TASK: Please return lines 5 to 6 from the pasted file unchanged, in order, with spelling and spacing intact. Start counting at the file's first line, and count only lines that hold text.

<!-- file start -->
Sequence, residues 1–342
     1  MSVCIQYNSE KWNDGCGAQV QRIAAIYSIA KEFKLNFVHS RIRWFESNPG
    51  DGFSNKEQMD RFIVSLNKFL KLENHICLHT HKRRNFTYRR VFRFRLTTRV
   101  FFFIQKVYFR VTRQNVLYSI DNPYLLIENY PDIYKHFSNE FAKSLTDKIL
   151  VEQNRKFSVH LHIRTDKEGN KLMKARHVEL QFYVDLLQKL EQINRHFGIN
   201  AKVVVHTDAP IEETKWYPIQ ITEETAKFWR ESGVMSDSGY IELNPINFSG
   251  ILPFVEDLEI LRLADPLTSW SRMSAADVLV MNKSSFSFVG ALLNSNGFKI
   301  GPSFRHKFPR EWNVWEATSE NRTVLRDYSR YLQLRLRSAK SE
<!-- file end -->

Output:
   151  VEQNRKFSVH LHIRTDKEGN KLMKARHVEL QFYVDLLQKL EQINRHFGIN
   201  AKVVVHTDAP IEETKWYPIQ ITEETAKFWR ESGVMSDSGY IELNPINFSG